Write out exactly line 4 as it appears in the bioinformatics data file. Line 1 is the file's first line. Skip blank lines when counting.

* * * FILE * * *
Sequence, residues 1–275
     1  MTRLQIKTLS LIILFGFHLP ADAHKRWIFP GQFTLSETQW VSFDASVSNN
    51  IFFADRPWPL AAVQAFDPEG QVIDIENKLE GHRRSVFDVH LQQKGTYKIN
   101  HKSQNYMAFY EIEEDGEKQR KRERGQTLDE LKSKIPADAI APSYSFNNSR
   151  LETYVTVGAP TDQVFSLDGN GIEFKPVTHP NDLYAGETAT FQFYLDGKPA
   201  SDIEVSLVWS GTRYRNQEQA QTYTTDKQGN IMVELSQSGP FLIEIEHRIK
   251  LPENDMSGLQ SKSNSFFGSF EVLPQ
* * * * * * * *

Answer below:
   101  HKSQNYMAFY EIEEDGEKQR KRERGQTLDE LKSKIPADAI APSYSFNNSR